I've tried other non-hardy succulent mixes, but they must be brought in in winter.
"Things won are done, joy's soul lies in the doing." Shakespeare
Jun 21, 2019 9:02 AM CST
|This thread is great, everyone is debunking a picture you'd find on instagram or pinterest haha
The colors are lovely, but I'd agree with everyone, it'll be a longshot. A lot of direct sun, they'll start to grow like mad and over crowd each other.... Little sun, and a lot of them will end up turning green on their own, which green is good, but not for the aesthetic of the picture.
Also $40 is quite a bit for a class, I'd say exactly what Baja said, find what catches your eye, do some research and start from there! I'm in your place too, I only have limited experience, but watching certain succulents grow and behave will give you a general knowledge of how other succulents preform, but obviously do your research!! (and from multiple sources because I've almost killed a few plants by only having done research from Google.)
I hope you'll be satisfied with your selections in the future and enjoy caring for your own version of this one day 😁
Jun 21, 2019 10:00 AM CST
|This was my own experiment in Nov 2015 with a Haworthia cuspidata, Haworthia emelyae, Sedum rubrotinctum, and Echeveria Sleepy. Haworthia was still dormant at that time, since it was a terribly hot summer before. I just used an old pastry container, I like it that it was shallow and wide. Just to show you how fast some of the succulents will easily out run the others, and it helps to have a good space around for them to grow. Your choice if you intend to keep what you like together or let them grow individually. I chose later to move them to their individual containers, to let them thrive better and my new goal is to have a better specimen in my garden.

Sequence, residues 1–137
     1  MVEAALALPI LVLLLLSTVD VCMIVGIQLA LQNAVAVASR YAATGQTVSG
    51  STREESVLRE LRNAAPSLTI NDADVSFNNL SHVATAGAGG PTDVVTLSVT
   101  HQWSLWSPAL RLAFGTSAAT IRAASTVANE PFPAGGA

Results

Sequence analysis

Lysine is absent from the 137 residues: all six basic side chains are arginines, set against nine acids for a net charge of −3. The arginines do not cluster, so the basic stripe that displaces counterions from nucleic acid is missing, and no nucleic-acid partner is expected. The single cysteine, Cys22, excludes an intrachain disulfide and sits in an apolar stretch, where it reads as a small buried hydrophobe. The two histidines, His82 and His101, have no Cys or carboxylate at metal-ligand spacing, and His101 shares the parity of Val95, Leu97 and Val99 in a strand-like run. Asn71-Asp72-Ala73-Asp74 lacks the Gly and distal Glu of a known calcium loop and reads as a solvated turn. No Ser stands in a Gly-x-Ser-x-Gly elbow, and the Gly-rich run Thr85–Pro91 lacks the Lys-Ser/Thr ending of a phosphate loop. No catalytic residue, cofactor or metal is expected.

Feb 2016 - our winter rains and cooler conditions revived them quite well, started to plump up much better and grow faster.
I eventually had to repot them, since the pasty container did not last, started to break apart. Went back to repotting them individually, so now I have better specimen sizes.
Sedum rubrotinctum, quite easy to grow, so just I have them in various containers, much better this way since they multiply fast.
Echeveria Sleepy...definetely not sleepy Very active grower, so at times I just let it be, especially after it was moved to its own container, just letting it grow wildly, bloom and make offsets. Maybe one of these days I will do some cuttings, to control their overgrowth.
Good luck later! Experiments always nice, if it works for you, go for it. But if you find it is getting harder to maintain and making the plants suffer instead, repot promptly as needed.